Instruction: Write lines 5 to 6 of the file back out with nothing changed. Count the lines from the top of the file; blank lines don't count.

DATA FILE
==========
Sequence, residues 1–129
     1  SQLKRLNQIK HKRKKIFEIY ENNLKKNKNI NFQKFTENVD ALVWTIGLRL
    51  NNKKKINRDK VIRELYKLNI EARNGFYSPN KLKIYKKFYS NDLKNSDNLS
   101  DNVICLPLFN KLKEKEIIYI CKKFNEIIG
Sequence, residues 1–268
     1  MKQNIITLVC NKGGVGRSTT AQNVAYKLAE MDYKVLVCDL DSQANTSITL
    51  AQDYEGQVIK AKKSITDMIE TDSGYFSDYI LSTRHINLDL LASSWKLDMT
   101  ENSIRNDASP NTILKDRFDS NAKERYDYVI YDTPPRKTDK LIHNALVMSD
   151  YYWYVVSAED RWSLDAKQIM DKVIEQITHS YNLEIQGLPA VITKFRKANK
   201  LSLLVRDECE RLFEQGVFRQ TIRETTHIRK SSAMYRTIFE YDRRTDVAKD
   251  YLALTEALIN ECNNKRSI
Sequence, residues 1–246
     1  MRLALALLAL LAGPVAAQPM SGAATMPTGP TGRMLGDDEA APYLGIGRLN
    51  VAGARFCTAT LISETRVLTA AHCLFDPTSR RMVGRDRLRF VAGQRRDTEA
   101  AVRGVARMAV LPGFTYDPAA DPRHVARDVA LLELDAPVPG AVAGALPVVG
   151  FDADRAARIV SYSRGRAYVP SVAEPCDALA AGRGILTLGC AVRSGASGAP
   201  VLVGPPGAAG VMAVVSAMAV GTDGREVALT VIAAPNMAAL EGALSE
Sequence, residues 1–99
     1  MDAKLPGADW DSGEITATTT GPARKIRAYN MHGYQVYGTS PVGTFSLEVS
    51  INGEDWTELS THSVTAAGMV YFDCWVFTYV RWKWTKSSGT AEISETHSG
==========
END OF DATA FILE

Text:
Sequence, residues 1–268
     1  MKQNIITLVC NKGGVGRSTT AQNVAYKLAE MDYKVLVCDL DSQANTSITL